With a growing portion of the populace convinced that President Obama is a Muslim, political observers and reporters have begun asking just how such information could be so widely disseminated. On Sunday, their ears perked a bit when Senate Minority Leader Mitch McConnell (R-Ky.) would only go so far as to take Obama "at this word" that he was a Christian.
"The president says he's a Christian. I take him at his word. I don't think that's in dispute," McConnell told Meet the Press host David Gregory. "I think the faith that most Americans are questioning is the President's faith in the government to generate jobs. We've had an 18-month effort here on the part of this administration to prime the pump, borrow money, spend money, hire new federal government employees, sending money down to states so they don't have to layoff state employees. People are saying: Where are the jobs? The president's faith in the government to stimulate the economy is what people are questioning."
Politico's Mike Allen gave the exchange top treatment in his daily Playbook email, under the header "SIREN -- OR SHOULD WE SAY "DOG WHISTLE"? NBC's Chuck Todd, via Twitter, offered his own take, noting that it was an "Odd way to phrase it."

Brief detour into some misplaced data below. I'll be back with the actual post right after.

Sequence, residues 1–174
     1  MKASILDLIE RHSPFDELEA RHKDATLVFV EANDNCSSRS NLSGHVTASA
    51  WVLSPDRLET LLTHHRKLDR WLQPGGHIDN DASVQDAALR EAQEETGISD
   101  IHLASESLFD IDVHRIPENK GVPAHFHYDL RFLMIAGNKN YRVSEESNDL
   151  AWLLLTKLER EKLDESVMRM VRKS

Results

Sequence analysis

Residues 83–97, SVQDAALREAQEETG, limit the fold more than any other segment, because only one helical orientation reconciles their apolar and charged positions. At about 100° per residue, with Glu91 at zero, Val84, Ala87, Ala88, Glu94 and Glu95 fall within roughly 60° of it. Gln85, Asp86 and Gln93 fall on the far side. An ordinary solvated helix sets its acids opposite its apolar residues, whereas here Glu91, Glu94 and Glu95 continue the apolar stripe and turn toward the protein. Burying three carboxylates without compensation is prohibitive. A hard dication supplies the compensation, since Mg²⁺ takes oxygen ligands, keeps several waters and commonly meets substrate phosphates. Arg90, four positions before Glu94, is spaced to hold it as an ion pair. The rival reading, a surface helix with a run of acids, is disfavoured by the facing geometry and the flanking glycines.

That's perhaps an understatement. McConnell may have been trying to avoid engagement in a debate defined both by confusion and, under the surface, a bit of Islamophobia. But by constructing his response in such a peculiar way -- suggesting that the debate over Obama's religion was legitimate and that the president was arguing one side of it -- he not only invited the type of skeptical coverage he received Sunday morning but will further spur claims that the GOP doesn't mind having this image of Obama spread.
During the 2008 presidential campaign, then Sen. Hillary Clinton offered the same type of evasive response to the same type of Obama-is-a-Muslim rumors. For days, if not weeks, she was dogged with accusations that she wanted voters to be skeptical about Obama's faith.